But truly I am full of power by the Spirit of the Lord, and of judgment, and of might, to declare unto Jacob his transgression, and to Israel his sin. Hear this, I pray you, etc. It is supposed that this chapter belongs to the reign of Hezekiah; if so, the mournful state of matters which it depicts belongs to the time preceding the reformation. These words lead us to consider the true prophet.

I. THE WORK OF A TRUE PROPHET. "To declare unto Jacob his transgression, and to Israel his sin." It is a characteristic of all true prophets, that they have a keen moral sense to discern wrong, to loathe it, and to burn at it. No man is a true prophet who is not roused to thunder by the wrong. It has been charged against the preachers of England that it is not wrong that rouses them, but little dogmas that agree not with their theology, sects that unite not with their Church, policies that interfere with their income and position. We fear this is too true. The crimes of the people of England are not denounced by the pulpit as they should be - the vice in high places, the injustices perpetrated under the name and sanction of law, the cupidity of traders, the swindlings of joint stock company men, by which they become millionaires and win a seat in the Parhament of the nation. These things are not held up as they should be for public execration, in the broad sunlight of eternal truth, Where have we men now to "declare unto Jacob his transgression, and unto Israel his sin"?

1. This is a painful work. It will incur the disfavour of some, and rouse the antagonism of the delinquents. Still, it must be done - done as John the Baptist did it, who denounced his countrymen as a "generation of vipers;" done as Christ did it, who levelled his terrible "woes" at the heads of the great criminals of his age.

2. This is an urgent work. No work is more needed in England today. To expose wrong goes a great way towards its extinction. Honeyed words in the pulpit we have enough, tawdry disquisitions, and sensational inanities. God multiply men of the stamp of John the Baptist and of the Apostle Peter, who on the Day of Pentecost charged home the terrible crime of the crucifixion to the men he addressed!

II. THE POWER OF A TRUE PROPHET. "Truly I am full of power by the Spirit of the Lord, and of judgment, and of might." There is no egotism in this. A powerful man knows his power, and will ascribe it to the right Source - the "Spirit of the Lord." Micah's power was moral; it was the might of conscience, moral conviction, of invincible sympathy with eternal right and truth. This is a very different power to that of mere intellect, imagination, or what is called genius. It is higher, more creditable, more influential, more God-like. What does the man who has it care for the smiles or frowns of his audiences? He sets his face like a flint. The praises of his fellow men affect him no more than the twitterings of a sparrow would an eagle; their frowns, no more than the yelpings of a cur affect the monarch of the forest.

III. THE FIDELITY OF A TRUE PROPHET. This is seen here in three things.

1. In the class he denounces. "Hear this, I pray you, ye heads of the house of Jacob, and princes of the house of Israel." He struck at the higher classes of life. "Heads of the house of Jacob, and princes of the house of Israel." Ah me! how little we pulpiteering cowards here in England address ourselves to the crimes of the upper classes! The low, the helpless, the destitute, we are always lecturing. Do your ecclesiastical lords lecture royalty, think you? I read their fulsome flatteries often, but their denunciations never. The prophet's fidelity is seen:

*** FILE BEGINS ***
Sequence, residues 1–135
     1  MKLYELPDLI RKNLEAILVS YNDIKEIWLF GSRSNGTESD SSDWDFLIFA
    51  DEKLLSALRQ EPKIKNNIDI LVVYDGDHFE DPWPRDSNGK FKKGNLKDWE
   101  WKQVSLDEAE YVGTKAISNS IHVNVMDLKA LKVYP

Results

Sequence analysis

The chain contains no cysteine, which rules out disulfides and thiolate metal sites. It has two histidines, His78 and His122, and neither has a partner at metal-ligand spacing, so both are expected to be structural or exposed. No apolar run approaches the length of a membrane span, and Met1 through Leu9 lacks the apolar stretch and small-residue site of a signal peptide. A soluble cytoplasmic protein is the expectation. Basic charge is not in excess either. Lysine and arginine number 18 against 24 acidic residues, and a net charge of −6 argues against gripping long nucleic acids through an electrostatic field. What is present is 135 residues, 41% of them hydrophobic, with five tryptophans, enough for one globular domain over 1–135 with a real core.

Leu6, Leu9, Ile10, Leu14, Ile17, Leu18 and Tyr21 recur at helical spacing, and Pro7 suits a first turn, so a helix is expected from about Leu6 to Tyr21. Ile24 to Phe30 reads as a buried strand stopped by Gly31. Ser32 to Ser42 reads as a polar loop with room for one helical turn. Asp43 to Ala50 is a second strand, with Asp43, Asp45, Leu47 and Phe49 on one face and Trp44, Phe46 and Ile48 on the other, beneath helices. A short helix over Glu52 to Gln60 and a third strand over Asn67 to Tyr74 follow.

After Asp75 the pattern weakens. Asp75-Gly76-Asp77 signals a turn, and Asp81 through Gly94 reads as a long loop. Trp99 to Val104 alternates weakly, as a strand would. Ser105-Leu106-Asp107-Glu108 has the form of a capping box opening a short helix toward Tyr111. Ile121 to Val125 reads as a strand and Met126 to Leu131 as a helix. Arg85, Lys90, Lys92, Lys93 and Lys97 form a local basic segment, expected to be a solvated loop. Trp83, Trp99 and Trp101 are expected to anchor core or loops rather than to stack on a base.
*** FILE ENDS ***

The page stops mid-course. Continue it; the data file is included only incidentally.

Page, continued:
2. In the charges he makes. "They build up Zion with blood, and Jerusalem with iniquity."

(1) He charges them with extortionate cruelty. "The civic rulers only are addressed in ver. 9, viz. those who were charged with the administration of justice and of the affairs of the state, but who did the very opposite - who abhorred justice and made the straight crooked because they passed sentence for bribes. They thereby build Zion with blood, etc., i.e. obtain the means of erecting splendid buildings by cruel extortions, partly also by actual judicial murder, as Ahab, and after him Jehoiakim, had done" (Delitzsch). Building up Jerusalem by blood is something like building up churches by beer. It is not uncommon now for large brewers, from the enormous profits of their pernicious craft, to build up magnificent temples for God. What an outrage on decency! What an insult to omniscient Purity!

(2) He charges them with base mercenariness. "The heads thereof judge for reward, and the priests thereof teach for hire, and the prophets thereof divine for money." He saw mercenariness on the bench, inspiring the judge; mercenariness at the altar, inspiring the priests; mercenariness in the pulpit, inspiring the preachers. Money was the motive power of all. With all this mercenariness, still they "leaned upon the Lord," that is, professed to worship the one true and living God, and ignorantly and presumptuously concluded that he would be ever amongst them, and that consequently no great evil would overtake them. The prophet's faithfulness is seen:

3. In the doom he proclaims. "Therefore shall Zion for your sake Be ploughed as a field, and Jerusalem shall become heaps, and the mountain of the house as the high places of the forest." The prophecy was never literally fulfilled till the destruction of Jerusalem by the Romans, when the ground on which the city stood was ploughed up, in token of its utter demolition, and no city was to be built there without the emperor's leave. "It is," says an old writer, "the wickedness of those who preside in them that brings the ruin. It is for your sake that Zion shall be ploughed as a field; you pretend to build up Zion, but, doing it by blood and iniquity, you pull it down. The sin of priests and princes is often the ruin of states and Churches. Delirant reges, plectuntur Achivi the kings act foolishly, and the people suffer by it."